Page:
> > If someone was fitting but not unconscious what would you think the best
> thing
> > to do is.  Sasha's fits start with terrible screaming and sometimes she
> can
> > speak but she is still jerking and her pupils are dilated and she looks
> awful.
> > The first time  she had a fit I rushed down to get the glucagon out of the
> > fridge and because my hands were shaking and trembling so much  I managed
> to
> > bend the needle and could not follow the instructions properly.  Even
> though I
> > had read them over and over and rehearsed the procedure in my mind many
> times.
> > I didn't know you had to inject air into the bottle to be able to draw up
> > either having only used insulin pens and never syringes.  I was just about
> the
> > call an ambulance but knowing how long they can take I sat Sasha up and
> held a
> > drink with a straw in it and she managed to drink the juice.  I was quite
> > surprised as I didnt know if she would be able to do this.  I wondered if
> this
> > was because she was still young and had the primitive sucking reflex that
> > babies have, still working.  Since then there have been times when I have
> done
> > the same thing.  I have given glucagon on two other occasions by using a
> small
> > amount subcutaneously.  This was when she suddenly went low in the day
> time
> > and
> > was going to sleep in front of the tele and when I tried to get her to
> drink
> > she didn't seem able to drink much and also this was during the time when
> she
> > was getting symptoms of slow or poor digestion and absorption which turned
> out
> > to be coeliac.  I was worried that because of the damage gut she would
> take
> > too long to absorb the juice or lucozade.  A very small amount just under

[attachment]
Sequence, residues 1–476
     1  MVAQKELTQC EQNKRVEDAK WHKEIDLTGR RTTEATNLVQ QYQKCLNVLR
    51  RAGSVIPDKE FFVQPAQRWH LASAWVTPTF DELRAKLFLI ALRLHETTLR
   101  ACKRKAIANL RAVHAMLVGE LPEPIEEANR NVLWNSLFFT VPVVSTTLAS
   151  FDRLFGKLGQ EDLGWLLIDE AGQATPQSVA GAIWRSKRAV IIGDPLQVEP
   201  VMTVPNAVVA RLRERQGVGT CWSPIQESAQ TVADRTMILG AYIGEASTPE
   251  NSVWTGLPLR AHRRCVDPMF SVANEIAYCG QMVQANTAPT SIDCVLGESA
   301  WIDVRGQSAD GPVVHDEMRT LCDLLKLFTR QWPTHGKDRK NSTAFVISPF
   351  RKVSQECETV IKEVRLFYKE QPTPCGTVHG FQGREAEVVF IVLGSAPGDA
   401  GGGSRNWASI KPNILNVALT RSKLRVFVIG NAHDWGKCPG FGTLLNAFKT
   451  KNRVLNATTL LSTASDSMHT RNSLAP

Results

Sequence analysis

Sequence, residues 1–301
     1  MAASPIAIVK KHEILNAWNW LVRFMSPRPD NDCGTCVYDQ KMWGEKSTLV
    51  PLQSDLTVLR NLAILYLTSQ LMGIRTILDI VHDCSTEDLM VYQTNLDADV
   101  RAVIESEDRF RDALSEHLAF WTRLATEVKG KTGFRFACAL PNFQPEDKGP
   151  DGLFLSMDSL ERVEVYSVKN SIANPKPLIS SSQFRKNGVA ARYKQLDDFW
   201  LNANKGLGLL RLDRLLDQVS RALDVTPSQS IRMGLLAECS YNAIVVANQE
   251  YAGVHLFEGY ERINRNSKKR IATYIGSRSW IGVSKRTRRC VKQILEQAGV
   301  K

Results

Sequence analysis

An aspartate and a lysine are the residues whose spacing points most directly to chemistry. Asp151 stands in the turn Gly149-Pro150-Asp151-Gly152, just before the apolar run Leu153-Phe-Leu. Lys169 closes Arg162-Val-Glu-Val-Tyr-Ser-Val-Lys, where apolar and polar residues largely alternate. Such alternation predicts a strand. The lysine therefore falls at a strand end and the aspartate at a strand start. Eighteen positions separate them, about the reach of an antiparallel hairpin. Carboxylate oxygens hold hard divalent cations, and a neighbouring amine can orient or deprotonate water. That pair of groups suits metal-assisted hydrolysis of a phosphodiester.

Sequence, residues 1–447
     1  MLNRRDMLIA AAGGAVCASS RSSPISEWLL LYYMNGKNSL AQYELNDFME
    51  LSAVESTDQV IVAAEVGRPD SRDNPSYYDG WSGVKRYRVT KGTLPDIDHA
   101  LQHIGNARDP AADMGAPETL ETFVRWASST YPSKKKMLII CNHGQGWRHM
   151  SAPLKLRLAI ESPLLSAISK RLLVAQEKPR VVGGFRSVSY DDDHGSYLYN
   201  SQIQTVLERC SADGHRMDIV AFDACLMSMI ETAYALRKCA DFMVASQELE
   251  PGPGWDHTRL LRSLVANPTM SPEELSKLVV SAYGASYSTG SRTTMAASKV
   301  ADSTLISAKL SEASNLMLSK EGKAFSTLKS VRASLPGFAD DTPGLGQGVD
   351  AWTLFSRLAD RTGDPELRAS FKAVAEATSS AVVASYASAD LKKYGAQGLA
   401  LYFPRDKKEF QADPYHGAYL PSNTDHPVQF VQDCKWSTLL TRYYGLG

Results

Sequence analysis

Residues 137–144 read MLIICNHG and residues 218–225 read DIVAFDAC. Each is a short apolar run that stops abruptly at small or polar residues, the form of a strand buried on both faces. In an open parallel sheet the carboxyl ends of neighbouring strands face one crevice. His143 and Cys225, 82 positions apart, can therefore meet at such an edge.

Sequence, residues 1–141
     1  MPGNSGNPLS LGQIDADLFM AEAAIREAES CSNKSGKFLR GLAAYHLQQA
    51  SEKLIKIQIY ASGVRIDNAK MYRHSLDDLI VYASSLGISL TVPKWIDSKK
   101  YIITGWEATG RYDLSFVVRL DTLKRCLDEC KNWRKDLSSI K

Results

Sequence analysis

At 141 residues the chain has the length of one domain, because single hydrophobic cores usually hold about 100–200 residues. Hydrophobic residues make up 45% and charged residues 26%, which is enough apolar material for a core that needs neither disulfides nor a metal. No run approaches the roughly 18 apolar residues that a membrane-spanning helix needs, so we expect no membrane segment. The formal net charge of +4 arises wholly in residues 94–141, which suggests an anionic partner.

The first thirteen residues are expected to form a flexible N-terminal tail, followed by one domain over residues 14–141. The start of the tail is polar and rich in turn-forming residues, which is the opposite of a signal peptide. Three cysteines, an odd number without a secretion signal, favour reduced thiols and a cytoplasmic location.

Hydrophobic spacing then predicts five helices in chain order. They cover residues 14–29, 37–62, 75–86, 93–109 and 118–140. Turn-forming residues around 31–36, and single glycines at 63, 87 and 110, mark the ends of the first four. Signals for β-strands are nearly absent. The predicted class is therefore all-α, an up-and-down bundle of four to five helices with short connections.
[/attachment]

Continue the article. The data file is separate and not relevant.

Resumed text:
> the
> > skin brought her round very quickly and she was up and off playing very
> > shortly afterwards with no seeming ill effects.
> >
> > So do you think it is ok to give drink through a straw if they can still
> suck?
> > We haven't found that Hypostop is absorbed very well unless it is
> swallowed.
> > She usually tried to spit it out as it tastes horrible.
> >
> > Jackie.
> > England.
> > Mum to twins  Sasha and Rebecca  aged  8.  Sasha DX D 1999,  both coeliac
> > 2001,  Mum also, to Danielle and Nicole. Wife to Terry.
> >
> > Novorapid  X 2
> >
> > Insulatard   X 2
> >
> > ---- Original Message -----
> > From: "Michael" <email @ redacted>
> > To: <email @ redacted>
> > Sent: 21 June 2002 00:08
> > Subject: Re: HYPOS and seizures WASRe: [IPk] Constant highs
> >
> >
> > > > Hello Michael
> > > >
> > > > I got severely told off by Danielle's consultant for giving her the
> > > > gel glucose by rubbing it into her cheek and gums.  He said that if
> > > > she wasn't conscious (aware of what I was doing or asking her to do)
> > > > then I was putting her life in danger.
> > >
> > > He's concerned, and rightly so, that she may aspirate the gel. It's a
> > > tough choice to make as to whether to use gluagon or try the gel
> > > first. I'm not making a recommendation, just relating to you what
> > > I've done. Our endo was satisfied and cautioned to make sure that
> > > Lily's gag reflex was working -- I did check that first. You would
> > > not want to use a lot of the gel in any event because any liquid or
> > > semi liquid can easily be aspirated. Even for someone semi-concious.
> > >
> > > Michael
> > >
> > > >
> > > > Barbara
> > > > ----------------------------------------------------------
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> > > >
> > > email @ redacted